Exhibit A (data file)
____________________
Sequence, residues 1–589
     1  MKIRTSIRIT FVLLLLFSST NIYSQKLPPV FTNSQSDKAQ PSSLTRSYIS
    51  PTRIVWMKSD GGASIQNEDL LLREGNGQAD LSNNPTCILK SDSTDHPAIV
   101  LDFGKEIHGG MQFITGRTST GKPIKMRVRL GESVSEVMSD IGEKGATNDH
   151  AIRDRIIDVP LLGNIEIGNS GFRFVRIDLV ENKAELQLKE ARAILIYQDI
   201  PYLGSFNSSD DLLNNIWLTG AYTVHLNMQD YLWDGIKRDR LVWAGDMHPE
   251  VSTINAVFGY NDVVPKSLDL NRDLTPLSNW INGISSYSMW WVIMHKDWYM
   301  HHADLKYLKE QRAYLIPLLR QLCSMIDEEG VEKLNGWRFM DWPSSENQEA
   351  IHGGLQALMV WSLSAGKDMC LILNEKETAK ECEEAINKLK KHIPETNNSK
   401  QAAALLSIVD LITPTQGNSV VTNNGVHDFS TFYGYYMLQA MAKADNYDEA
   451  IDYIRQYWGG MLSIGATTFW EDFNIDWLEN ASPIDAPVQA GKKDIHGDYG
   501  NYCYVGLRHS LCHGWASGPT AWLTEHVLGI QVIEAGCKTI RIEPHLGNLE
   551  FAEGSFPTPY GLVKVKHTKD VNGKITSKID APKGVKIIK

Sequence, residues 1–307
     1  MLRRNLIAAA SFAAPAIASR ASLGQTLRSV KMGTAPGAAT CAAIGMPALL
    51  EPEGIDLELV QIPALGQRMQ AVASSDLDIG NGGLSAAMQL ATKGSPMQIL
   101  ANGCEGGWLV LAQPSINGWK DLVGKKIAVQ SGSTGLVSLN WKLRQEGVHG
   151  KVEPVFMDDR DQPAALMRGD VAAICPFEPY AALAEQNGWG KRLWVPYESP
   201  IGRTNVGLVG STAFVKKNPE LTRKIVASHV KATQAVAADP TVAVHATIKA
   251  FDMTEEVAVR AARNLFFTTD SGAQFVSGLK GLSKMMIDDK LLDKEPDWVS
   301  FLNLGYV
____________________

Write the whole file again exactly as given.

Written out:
Sequence, residues 1–589
     1  MKIRTSIRIT FVLLLLFSST NIYSQKLPPV FTNSQSDKAQ PSSLTRSYIS
    51  PTRIVWMKSD GGASIQNEDL LLREGNGQAD LSNNPTCILK SDSTDHPAIV
   101  LDFGKEIHGG MQFITGRTST GKPIKMRVRL GESVSEVMSD IGEKGATNDH
   151  AIRDRIIDVP LLGNIEIGNS GFRFVRIDLV ENKAELQLKE ARAILIYQDI
   201  PYLGSFNSSD DLLNNIWLTG AYTVHLNMQD YLWDGIKRDR LVWAGDMHPE
   251  VSTINAVFGY NDVVPKSLDL NRDLTPLSNW INGISSYSMW WVIMHKDWYM
   301  HHADLKYLKE QRAYLIPLLR QLCSMIDEEG VEKLNGWRFM DWPSSENQEA
   351  IHGGLQALMV WSLSAGKDMC LILNEKETAK ECEEAINKLK KHIPETNNSK
   401  QAAALLSIVD LITPTQGNSV VTNNGVHDFS TFYGYYMLQA MAKADNYDEA
   451  IDYIRQYWGG MLSIGATTFW EDFNIDWLEN ASPIDAPVQA GKKDIHGDYG
   501  NYCYVGLRHS LCHGWASGPT AWLTEHVLGI QVIEAGCKTI RIEPHLGNLE
   551  FAEGSFPTPY GLVKVKHTKD VNGKITSKID APKGVKIIK

Sequence, residues 1–307
     1  MLRRNLIAAA SFAAPAIASR ASLGQTLRSV KMGTAPGAAT CAAIGMPALL
    51  EPEGIDLELV QIPALGQRMQ AVASSDLDIG NGGLSAAMQL ATKGSPMQIL
   101  ANGCEGGWLV LAQPSINGWK DLVGKKIAVQ SGSTGLVSLN WKLRQEGVHG
   151  KVEPVFMDDR DQPAALMRGD VAAICPFEPY AALAEQNGWG KRLWVPYESP
   201  IGRTNVGLVG STAFVKKNPE LTRKIVASHV KATQAVAADP TVAVHATIKA
   251  FDMTEEVAVR AARNLFFTTD SGAQFVSGLK GLSKMMIDDK LLDKEPDWVS
   301  FLNLGYV